Catholic Charities sets up water distribution in response to Miss. flooding

JACKSON, Miss. — Catholic Charities in the Diocese of Jackson, Miss., has begun distributing water to help residents besieged by a failing water system in the state’s capital city.

They are gearing up to provide water to the community through the help of Catholic Charities USA and with Catholic Charities affiliates in neighboring Louisiana.

Currently, the Catholic Charities disaster response team is assisting displaced families as a result of the Pearl River flooding and it is coordinating with the Mississippi Emergency Management Agency to become a distribution site for water at their office in Jackson.

“We are pleased that President Biden, Governor Tate Reeves and Jackson Mayor Chokwe Lumumba are working together to address the water situation in Jackson,” said Bishop Joseph R. Kopacz of Jackson in a Sept. 1 statement. “We pray for long-term solutions to this problem, and a swift response to get water flowing back into all Jackson homes and businesses.”

Flooding of the Pearl River is just the latest in a long string of water-related woes in Jackson.

The city’s water treatment plant has struggled for years to deliver clean, safe drinking water to all sections of Jackson, its primary service area. Some days, the water comes out of taps clear; some days, it comes out brown.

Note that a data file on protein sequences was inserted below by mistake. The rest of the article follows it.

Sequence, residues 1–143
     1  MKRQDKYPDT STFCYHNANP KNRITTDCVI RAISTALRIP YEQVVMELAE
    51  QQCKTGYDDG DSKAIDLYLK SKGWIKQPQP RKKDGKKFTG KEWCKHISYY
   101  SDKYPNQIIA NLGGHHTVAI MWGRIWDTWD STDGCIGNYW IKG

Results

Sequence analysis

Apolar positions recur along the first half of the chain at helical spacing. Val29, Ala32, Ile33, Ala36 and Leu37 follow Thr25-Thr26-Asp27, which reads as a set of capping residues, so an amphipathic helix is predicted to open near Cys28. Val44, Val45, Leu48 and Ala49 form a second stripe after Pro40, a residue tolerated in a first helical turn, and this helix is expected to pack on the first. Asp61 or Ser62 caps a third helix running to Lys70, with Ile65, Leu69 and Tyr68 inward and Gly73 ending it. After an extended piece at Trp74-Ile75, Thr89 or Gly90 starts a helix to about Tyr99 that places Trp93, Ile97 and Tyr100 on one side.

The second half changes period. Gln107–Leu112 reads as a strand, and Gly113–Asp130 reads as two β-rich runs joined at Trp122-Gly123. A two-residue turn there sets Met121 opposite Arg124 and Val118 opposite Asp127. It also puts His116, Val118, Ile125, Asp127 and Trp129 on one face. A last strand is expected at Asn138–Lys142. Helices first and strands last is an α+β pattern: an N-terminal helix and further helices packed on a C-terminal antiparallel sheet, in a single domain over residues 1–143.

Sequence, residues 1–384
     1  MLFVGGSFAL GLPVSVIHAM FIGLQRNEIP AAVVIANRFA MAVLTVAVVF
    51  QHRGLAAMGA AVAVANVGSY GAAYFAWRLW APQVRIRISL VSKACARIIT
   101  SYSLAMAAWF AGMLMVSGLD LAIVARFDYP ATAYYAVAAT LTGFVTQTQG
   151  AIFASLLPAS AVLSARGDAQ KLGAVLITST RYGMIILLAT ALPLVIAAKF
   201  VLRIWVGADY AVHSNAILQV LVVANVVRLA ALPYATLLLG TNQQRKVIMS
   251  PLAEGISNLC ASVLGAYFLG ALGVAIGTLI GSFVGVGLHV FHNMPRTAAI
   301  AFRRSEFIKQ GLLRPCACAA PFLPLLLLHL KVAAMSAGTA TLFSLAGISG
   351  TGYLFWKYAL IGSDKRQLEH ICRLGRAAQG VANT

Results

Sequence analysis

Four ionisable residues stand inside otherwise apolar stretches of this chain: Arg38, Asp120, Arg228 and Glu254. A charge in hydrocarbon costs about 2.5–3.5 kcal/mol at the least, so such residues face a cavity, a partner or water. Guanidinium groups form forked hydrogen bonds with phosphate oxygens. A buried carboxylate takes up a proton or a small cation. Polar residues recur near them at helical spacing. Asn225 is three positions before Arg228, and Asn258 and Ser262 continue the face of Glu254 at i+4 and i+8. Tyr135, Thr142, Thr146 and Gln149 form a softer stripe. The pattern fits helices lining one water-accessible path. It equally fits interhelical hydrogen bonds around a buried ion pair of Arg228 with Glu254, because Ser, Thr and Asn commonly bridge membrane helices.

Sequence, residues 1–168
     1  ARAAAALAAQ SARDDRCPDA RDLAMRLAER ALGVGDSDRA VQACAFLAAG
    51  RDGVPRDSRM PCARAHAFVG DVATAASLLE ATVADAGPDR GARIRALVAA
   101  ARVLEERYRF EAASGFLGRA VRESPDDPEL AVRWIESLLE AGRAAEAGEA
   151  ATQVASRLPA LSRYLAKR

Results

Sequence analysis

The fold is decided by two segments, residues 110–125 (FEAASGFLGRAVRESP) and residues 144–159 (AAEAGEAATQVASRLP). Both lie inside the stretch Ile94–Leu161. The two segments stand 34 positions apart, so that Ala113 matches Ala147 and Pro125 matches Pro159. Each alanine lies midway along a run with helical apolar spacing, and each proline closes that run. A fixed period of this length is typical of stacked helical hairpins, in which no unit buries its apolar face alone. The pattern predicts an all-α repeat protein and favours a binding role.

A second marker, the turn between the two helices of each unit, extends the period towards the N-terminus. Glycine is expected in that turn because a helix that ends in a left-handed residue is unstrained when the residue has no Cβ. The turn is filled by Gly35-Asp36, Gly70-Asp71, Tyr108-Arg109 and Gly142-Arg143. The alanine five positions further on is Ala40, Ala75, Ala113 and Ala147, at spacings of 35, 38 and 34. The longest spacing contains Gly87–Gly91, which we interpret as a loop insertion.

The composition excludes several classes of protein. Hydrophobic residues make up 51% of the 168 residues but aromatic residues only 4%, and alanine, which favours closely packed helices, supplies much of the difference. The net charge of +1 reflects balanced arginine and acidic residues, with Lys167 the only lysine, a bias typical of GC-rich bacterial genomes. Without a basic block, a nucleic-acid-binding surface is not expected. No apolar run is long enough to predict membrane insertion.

Reeves deployed the state’s National Guard to distribute water to beleaguered residents, some of whom have had to travel as far as Memphis, Tenn. — 210 miles away — to find water supplies for their home and families.

By midday Sept. 1, there were lines of cars waiting to enter the state fairgrounds to get some of the water had had been delivered to the city that day by 108 trucks.

Deanne Criswell, administrator for the Federal Emergency Management Agency, went to Jackson Sept. 2 to meet with state and local officials, members of Congress and those impacted by the water crisis. Part of her itinerary included a visit to the Mississippi Emergency Management Office for an operational briefing.

In addition, a FEMA official visited a water distribution center to thank volunteers.

President Joe Biden declared Jackson a disaster area Aug. 30 because of the water crisis, which affects 150,000 residents and another 30,000 out-of-town workers. The aid money is also meant to address issues at the water treatment plant.

Catholic News Service
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Catholic News Service
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